Open Search
Open Navigation

Nursing technology is constantly evolving, and as healthcare innovators develop new tools, the nursing staff can work more efficiently to facilitate positive patient outcomes. 

For new nurses or healthcare professionals looking to advance their careers, understanding the technologies currently available and their impacts on patient care is critical. Simply put, knowing how to use nursing tech can make or break a registered nurse’s advancement.

In this guide, we’re shedding light on just a few examples of industry-changing technology in nursing. We’ll look at some of the impacts of technology, explore six must-know innovations, and touch on how nurses can stay ahead of the curve in an ever-changing tech landscape.

Explore Nursing Programs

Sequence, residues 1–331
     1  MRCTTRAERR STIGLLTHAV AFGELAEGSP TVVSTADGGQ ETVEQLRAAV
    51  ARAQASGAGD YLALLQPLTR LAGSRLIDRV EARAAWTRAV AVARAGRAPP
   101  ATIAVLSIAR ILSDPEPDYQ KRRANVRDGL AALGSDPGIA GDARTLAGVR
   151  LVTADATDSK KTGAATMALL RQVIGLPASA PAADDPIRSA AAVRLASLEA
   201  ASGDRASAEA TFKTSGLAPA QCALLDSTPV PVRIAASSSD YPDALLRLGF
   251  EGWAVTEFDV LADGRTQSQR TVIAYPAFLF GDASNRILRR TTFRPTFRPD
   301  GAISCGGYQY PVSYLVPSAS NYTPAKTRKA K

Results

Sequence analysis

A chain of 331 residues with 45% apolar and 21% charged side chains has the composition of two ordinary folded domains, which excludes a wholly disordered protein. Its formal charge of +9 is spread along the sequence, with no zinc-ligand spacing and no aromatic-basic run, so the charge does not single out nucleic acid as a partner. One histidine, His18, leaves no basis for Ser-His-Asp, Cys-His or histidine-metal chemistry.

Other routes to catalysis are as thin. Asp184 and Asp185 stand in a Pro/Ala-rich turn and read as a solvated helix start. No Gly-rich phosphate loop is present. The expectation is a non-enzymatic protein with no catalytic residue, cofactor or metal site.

The Impact of Nursing Tech 

In just a decade, technology in nursing has drastically changed—from wearables to AI, medical devices are only getting more powerful. 

Changing technologies have had significant impacts on nursing education:

  • Hands-on learning – During internships and practical learning experiences, nursing students must develop familiarity with the latest technologies and demonstrate proficiency to their instructors. 
  • On-the-job training – Since technologies can vary, depending on the healthcare facility, orientation and training processes for new hires are more in-depth than ever before.
  • Professional development – As technologies develop, so must nurses’ skills—many professional development opportunities are centered around harnessing new technology in nursing to improve patient care.